Posted by MairePoppy[/QUOTE]



    Oh my goodness, I'm not that stupid nor do I believe in pushing my religious views on others! I should have explained that FCA is the Fellowship of Christian Athletes, it's a club for students to have Bible studies and discussions. I would never in a million years subject a general class to my religious or political views.

    I like the whole family history project thing, except that so few of these kids have families. I know it's hard to believe, but many of them actually live on their own or at a random person's house who was willing to take them in. Many parents are in jail or are known meth dealers. It's a completely different culture, this isn't middle class suburbia, this is a place where kids are excited to receive donated shampoo and deodorant as christmas presents. It's so depressing because I can't get the kids to realize that their only way out of poverty is education. The severity of so many of the students' living situations is why they get away with totally unacceptable behavior, there is only so much the school can do to punish them without having parental involvement to make it any sort of consequence for them.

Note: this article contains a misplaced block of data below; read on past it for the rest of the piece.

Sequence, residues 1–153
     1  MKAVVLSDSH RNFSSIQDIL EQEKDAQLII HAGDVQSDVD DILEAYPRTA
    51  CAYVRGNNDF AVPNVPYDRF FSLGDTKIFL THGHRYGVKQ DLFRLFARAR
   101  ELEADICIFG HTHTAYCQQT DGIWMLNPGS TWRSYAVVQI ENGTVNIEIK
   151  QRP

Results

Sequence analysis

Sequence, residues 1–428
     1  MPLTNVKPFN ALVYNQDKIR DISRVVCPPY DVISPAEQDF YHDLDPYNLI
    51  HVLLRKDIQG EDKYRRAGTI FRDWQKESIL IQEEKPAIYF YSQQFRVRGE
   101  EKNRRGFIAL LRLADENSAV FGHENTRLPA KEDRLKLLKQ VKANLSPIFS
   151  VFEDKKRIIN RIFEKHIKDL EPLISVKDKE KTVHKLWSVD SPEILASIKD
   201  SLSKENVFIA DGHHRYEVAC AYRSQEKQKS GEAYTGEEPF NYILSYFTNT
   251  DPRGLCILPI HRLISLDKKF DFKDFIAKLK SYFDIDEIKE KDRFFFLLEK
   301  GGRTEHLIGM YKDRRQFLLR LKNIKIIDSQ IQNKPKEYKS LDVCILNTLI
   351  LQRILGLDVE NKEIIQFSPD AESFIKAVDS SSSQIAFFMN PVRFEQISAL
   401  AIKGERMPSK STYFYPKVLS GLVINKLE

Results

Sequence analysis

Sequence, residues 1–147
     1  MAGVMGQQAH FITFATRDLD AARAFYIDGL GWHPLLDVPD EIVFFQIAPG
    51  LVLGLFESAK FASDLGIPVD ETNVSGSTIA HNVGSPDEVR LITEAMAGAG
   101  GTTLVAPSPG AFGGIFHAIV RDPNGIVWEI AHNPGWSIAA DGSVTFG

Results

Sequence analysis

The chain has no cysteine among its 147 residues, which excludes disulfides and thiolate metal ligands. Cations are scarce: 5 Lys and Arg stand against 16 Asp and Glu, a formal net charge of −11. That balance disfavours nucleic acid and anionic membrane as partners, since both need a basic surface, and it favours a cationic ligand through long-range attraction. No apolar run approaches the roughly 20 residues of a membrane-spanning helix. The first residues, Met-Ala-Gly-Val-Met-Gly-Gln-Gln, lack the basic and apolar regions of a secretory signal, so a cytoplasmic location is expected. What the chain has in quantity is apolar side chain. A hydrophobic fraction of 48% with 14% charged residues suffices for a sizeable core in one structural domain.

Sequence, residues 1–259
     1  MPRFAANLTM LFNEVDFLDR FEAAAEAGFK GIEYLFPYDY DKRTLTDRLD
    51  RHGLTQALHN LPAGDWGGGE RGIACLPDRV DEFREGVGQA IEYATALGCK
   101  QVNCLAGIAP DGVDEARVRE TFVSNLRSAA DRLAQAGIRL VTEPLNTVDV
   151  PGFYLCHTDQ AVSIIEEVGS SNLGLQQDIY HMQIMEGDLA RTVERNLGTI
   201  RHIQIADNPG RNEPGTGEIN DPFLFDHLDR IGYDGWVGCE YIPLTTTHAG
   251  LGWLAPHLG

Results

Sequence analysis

Sometimes I think being impoverished in a big city would be better than this, because at least there are resources in large communities and the kids would see that there are people who live differently than they do.